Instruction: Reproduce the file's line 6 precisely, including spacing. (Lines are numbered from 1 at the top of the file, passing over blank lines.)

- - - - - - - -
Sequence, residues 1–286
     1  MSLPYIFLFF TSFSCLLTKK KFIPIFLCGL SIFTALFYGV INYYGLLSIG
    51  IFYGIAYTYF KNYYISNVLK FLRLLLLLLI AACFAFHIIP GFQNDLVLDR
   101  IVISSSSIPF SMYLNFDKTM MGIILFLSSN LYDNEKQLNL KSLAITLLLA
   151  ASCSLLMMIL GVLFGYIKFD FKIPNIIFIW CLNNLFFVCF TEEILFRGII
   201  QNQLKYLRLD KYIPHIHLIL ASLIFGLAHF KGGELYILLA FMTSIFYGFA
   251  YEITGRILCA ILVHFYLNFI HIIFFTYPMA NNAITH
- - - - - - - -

   201  QNQLKYLRLD KYIPHIHLIL ASLIFGLAHF KGGELYILLA FMTSIFYGFA